Your company is thinking about the best way to introduce Agile. Here is my thoughts on the best way to do it. I think there are two keys to a successful implementation especially if you have been in the waterfall for awhile. I know what you are thinking…
“We just make the switch to agile and move forward.”
I have done that without much success. That could have been us but we had your usual bell curve of people. Your top performers will naturally gravitate towards Agile and will adapt quickly in my experience. But there will be resistance for a variety of reasons and possibly from your higher performers if they feel that waterfall is what got them recognized.
You need to provide ammunition for your Agile evangelists. The single best way to do that is to have a team successfully doing Agile and talking about how great it is. It is like a gift that keeps on giving. The team is happy, product is improving and shipping faster, transparency is up. All good things! This becomes infectious. The team starts talking with people who are not in the Agile team and saying how much they like it. Management and especially senior management is happy because they really know what is happening (assuming they are paying attention but that is another blog post) and the top features are showing up every two-three weeks.
Not only is it infectious, but it undermines the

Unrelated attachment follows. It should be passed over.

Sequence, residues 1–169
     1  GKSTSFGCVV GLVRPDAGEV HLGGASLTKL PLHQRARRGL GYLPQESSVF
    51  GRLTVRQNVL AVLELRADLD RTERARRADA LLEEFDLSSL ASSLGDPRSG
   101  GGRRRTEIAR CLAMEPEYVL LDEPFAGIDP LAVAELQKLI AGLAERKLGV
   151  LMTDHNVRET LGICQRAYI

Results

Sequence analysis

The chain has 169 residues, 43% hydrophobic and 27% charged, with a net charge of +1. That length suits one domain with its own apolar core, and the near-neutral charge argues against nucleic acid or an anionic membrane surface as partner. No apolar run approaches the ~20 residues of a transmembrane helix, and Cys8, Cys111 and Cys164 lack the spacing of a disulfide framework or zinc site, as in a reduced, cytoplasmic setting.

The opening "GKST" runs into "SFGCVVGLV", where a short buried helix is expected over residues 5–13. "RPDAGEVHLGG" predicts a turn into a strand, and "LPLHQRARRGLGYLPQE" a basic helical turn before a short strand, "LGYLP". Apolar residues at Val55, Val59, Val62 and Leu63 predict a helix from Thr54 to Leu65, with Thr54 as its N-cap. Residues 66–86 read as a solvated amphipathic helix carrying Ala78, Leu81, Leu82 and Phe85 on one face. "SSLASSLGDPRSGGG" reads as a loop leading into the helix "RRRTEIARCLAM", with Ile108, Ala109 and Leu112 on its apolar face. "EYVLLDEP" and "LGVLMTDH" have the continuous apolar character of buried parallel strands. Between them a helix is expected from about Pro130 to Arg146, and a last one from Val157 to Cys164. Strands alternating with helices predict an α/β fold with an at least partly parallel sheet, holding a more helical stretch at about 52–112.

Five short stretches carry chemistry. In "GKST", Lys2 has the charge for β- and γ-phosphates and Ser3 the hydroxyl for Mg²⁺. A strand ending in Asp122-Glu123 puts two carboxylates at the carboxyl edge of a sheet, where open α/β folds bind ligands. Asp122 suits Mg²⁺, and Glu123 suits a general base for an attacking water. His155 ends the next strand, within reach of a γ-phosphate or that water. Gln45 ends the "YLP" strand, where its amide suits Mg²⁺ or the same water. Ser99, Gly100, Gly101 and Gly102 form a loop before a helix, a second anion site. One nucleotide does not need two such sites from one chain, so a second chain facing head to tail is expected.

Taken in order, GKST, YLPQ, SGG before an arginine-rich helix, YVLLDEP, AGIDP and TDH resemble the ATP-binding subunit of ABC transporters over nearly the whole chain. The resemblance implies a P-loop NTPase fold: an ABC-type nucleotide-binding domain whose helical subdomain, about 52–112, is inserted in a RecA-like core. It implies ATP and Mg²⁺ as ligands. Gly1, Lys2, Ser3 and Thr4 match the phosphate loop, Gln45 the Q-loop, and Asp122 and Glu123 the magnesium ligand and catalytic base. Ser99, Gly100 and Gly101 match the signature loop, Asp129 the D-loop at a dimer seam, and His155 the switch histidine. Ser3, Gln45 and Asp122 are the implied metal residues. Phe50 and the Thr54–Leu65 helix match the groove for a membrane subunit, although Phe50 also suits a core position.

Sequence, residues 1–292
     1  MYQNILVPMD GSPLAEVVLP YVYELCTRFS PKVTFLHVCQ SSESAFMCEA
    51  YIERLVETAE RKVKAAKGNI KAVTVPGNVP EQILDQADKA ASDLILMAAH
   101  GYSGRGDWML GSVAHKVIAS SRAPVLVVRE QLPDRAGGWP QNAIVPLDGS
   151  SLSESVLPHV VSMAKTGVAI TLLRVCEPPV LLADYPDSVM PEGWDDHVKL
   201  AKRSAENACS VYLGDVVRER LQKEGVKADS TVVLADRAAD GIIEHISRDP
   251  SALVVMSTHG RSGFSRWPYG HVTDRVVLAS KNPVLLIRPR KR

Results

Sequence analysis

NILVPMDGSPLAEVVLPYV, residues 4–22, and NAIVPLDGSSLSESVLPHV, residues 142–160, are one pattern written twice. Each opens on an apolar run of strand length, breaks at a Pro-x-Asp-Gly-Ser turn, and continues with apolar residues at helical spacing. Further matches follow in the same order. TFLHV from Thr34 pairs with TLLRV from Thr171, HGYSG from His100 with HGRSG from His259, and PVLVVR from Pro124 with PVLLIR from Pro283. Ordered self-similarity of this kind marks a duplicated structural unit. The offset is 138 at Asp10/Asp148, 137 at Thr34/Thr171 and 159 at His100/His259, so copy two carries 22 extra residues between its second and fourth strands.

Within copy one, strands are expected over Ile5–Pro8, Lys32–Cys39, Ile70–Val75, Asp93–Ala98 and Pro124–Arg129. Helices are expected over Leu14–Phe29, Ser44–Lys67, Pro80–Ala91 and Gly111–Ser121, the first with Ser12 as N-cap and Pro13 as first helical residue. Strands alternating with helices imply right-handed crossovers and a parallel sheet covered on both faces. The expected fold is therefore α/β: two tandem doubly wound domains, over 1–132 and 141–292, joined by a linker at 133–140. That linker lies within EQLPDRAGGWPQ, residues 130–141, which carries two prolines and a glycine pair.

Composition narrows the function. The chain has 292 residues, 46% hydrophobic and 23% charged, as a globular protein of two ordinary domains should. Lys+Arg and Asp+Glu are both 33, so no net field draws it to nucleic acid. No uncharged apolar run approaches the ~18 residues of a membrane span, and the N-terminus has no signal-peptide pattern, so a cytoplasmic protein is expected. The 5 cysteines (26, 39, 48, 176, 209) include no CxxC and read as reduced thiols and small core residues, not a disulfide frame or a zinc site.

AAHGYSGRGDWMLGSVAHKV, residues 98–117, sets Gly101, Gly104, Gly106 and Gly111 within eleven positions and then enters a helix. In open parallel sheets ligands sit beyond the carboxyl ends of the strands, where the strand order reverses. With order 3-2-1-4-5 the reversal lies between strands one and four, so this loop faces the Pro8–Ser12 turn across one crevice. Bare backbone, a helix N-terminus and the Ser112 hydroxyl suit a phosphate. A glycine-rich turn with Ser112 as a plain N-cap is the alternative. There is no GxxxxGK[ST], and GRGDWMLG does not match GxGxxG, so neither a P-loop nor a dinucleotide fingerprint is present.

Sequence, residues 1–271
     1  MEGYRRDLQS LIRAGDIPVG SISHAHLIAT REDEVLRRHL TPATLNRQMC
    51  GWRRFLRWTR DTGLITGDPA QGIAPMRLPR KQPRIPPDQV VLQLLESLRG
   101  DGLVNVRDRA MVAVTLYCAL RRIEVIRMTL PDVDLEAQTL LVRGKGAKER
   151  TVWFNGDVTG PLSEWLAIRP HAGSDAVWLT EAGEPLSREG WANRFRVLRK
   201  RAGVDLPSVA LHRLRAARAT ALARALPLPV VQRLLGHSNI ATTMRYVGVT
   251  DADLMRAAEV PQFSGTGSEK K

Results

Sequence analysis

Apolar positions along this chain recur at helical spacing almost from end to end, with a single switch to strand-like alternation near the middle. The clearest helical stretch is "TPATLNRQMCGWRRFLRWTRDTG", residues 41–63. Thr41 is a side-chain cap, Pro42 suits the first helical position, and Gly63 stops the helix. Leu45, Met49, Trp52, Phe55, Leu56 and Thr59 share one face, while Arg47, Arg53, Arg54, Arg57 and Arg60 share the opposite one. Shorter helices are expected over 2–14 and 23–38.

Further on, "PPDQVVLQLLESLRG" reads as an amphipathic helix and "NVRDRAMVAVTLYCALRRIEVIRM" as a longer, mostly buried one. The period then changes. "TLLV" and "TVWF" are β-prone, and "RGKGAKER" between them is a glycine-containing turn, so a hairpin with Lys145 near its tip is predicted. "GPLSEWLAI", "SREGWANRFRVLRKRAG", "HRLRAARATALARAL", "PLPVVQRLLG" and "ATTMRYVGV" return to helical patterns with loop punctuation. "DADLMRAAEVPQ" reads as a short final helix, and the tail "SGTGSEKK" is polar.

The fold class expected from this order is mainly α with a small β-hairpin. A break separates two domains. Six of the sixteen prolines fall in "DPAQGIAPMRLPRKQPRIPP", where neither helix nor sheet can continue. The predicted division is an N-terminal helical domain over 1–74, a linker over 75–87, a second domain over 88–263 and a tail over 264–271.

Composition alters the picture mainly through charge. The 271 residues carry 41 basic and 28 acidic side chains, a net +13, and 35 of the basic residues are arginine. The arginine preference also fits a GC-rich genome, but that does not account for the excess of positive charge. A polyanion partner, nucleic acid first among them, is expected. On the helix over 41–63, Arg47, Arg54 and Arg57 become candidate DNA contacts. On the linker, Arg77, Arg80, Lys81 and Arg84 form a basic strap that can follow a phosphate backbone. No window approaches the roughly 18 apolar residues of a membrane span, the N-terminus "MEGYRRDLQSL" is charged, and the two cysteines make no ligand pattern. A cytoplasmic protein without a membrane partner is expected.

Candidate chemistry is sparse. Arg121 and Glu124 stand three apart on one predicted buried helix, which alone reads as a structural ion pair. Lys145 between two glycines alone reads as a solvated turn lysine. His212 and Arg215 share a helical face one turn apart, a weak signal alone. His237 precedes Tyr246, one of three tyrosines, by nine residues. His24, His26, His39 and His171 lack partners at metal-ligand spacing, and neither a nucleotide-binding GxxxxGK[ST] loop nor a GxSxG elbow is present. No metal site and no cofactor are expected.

neigh naysayers at the same time. When they say it cannot be done — and trust me they will — you just point at the functioning team and say maybe not.
“I don’t need any training to understand Agile. It is incredibly straightforward. I read some Web sites and bought a couple of books.”
Well, I can say that is a great start. It will give you a decent foundation. But I would ask you would you want someone to perform a tracheotomy on you after reading a web site or two? I thought not. I think understanding the framework is actually very easy. Christ, the manifesto is twelve steps er I mean principles. It is not the PMBOK now is it… In my experience, the change experience is much, much harder without training. Training is invaluable if you get the whole team to take the training. I have been very lucky to have participated in several classes with two great instructors. One did CSM and senior management training and the other did CSM and CSPO training. I was in almost all of these classes and engagement was very high and people left the training very excited.
The best part of training is level setting everyone and getting them away from work for a couple of days to focus on the framework. We also split up the pilot group and put one at each table in the CSM training and it helped calm the naysayers and those who are less engaged.
Even better is getting senior management involved in a shorter, simpler version of the training. Then everyone is using the same terminology. You don’t have to explain to senior management what a burndown chart is or where their EVM charts went.